What Charlie Heard

What Charlie Heard

by Mordicai Gerstein

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"Gerstein creates a rousing visual cacophony that echos Ives's compositions in this inspired picture-book biography." —Starred, Publishers Weekly

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"Gerstein creates a rousing visual cacophony that echos Ives's compositions in this inspired picture-book biography." —Starred, Publishers Weekly

Editorial Reviews

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"Gerstein creates a rousing visual cacophony that echos Ives's compositions in this inspired picture-book biography." —Starred, Publishers Weekly

Publishers Weekly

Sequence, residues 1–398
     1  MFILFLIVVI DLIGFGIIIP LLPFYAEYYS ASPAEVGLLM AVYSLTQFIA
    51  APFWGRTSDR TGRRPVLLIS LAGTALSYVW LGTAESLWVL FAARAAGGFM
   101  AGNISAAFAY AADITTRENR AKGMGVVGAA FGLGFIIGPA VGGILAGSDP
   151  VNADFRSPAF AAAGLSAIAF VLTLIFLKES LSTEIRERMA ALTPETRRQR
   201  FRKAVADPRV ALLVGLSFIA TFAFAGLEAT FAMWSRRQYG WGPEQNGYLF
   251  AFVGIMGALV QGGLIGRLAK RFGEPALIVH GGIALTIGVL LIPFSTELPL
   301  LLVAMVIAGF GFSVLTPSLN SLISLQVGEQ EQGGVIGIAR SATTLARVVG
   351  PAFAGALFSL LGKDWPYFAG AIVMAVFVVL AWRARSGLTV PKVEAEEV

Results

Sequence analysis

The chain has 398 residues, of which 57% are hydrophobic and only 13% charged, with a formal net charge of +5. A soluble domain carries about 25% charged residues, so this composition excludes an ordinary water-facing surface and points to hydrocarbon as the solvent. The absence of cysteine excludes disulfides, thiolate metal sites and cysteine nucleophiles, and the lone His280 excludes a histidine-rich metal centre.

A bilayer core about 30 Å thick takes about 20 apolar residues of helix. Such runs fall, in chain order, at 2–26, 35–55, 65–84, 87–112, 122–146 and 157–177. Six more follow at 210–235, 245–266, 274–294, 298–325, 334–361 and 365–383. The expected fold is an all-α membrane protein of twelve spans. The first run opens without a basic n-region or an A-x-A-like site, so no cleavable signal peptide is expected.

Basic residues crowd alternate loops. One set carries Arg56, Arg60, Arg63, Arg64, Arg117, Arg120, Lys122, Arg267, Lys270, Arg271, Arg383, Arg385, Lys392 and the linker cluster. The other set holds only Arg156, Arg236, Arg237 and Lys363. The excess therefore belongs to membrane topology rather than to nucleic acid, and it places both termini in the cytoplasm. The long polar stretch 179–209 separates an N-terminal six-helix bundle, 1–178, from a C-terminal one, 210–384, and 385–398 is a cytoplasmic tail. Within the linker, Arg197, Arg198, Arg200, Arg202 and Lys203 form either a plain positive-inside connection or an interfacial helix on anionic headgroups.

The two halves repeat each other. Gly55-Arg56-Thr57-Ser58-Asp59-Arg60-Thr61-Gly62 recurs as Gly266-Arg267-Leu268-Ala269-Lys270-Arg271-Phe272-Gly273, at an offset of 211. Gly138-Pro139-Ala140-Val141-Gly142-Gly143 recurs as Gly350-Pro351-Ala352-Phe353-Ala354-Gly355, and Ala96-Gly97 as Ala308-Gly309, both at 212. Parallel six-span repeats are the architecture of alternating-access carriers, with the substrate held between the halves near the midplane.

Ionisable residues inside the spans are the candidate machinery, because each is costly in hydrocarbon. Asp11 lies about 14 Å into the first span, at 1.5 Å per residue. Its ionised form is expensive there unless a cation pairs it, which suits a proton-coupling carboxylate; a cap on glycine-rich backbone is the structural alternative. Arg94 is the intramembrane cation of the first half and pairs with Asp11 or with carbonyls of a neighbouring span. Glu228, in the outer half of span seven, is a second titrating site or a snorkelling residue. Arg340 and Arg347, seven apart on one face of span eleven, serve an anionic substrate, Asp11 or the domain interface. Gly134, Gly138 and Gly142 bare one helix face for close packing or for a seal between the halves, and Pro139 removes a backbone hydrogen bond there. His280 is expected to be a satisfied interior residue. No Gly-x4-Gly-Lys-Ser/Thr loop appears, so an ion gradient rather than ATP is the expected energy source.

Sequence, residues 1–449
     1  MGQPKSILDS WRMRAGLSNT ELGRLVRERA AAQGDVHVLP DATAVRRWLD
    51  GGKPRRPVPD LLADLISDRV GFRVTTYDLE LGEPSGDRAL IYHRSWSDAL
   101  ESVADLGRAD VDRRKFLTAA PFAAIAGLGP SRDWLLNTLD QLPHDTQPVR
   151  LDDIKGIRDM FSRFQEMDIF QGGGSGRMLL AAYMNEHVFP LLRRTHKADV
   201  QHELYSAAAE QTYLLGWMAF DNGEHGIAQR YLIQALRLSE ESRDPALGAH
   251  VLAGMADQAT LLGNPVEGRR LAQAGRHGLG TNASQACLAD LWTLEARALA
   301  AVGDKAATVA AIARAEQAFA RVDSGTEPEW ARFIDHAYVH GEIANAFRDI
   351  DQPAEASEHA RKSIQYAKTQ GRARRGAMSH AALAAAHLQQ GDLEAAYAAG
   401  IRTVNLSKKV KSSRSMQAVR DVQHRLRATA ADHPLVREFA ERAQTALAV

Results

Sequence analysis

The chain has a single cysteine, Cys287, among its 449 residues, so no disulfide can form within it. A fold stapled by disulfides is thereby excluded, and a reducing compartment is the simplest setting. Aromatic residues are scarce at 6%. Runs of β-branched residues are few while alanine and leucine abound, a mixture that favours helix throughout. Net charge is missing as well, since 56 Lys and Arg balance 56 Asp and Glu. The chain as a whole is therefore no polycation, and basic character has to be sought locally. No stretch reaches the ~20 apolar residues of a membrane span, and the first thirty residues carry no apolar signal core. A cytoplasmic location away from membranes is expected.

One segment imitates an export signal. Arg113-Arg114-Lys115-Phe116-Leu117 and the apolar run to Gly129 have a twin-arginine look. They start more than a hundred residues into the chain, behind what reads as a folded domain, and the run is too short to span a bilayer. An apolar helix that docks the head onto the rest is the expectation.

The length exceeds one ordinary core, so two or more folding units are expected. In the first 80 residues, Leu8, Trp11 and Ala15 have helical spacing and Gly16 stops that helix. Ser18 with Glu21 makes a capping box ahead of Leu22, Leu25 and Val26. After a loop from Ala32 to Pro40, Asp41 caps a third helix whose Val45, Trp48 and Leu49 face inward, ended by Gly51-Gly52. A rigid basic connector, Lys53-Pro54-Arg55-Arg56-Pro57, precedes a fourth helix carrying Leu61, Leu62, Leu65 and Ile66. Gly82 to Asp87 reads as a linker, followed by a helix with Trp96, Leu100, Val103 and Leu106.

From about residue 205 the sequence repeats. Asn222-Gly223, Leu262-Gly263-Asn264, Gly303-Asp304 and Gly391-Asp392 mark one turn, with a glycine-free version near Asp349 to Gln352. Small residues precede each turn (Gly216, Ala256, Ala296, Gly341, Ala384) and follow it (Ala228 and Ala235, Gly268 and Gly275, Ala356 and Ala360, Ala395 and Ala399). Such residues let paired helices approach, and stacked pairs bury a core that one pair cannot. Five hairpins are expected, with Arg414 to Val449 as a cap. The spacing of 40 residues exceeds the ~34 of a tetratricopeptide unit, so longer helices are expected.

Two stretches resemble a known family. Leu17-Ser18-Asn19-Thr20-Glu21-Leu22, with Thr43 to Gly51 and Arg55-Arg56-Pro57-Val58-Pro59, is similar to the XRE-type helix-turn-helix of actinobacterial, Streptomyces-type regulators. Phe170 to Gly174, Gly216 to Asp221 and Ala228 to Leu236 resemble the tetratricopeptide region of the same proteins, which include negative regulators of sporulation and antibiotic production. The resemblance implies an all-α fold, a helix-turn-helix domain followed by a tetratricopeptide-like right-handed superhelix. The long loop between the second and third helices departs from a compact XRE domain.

HProfiling American composer Charles Ives, Gerstein (The Wild Boy) plies an artistic style as densely and consciously layered as one of Ives's compositions. The illustrations provide an instant visual connection to the music, which attempts to encompass the sounds of everyday life: Gerstein overlays his spry pen-and-wash artwork with multiple clusters of sound-effect words (e.g., a series of tweety tweets surrounds a caged bird, big red clangs surround toddler Charlie as he bangs on a metal pan). "Charles Ives was born with his ears wide open," Gerstein begins, detailing the kinds of sounds "Charlie" might have heard as a child: included are Charlie's music teacher father's trumpet, the swish of his mother's long dress and "dogs and crickets and the church bells next door," sounds that would later be woven into Ives's music. He tells of Charlie's high school efforts as a composer and how, later, Charlie composed music on the train as he commuted to his insurance job. Gerstein also describes the music's chilly reception: "Most people didn't know how to listen to it. Some thought it was a joke. Others just heard noise and got angry." The book concludes on a triumphant note: not only does Ives finally win acclaim, but he plans to write a Universe Symphony: "Wouldn't that be a glorious noise!" Gerstein creates a rousing visual cacophony that echoes Ives's compositions in this inspired picture-book biography. Ages 4-8. (Mar.) Copyright 2001 Cahners Business Information.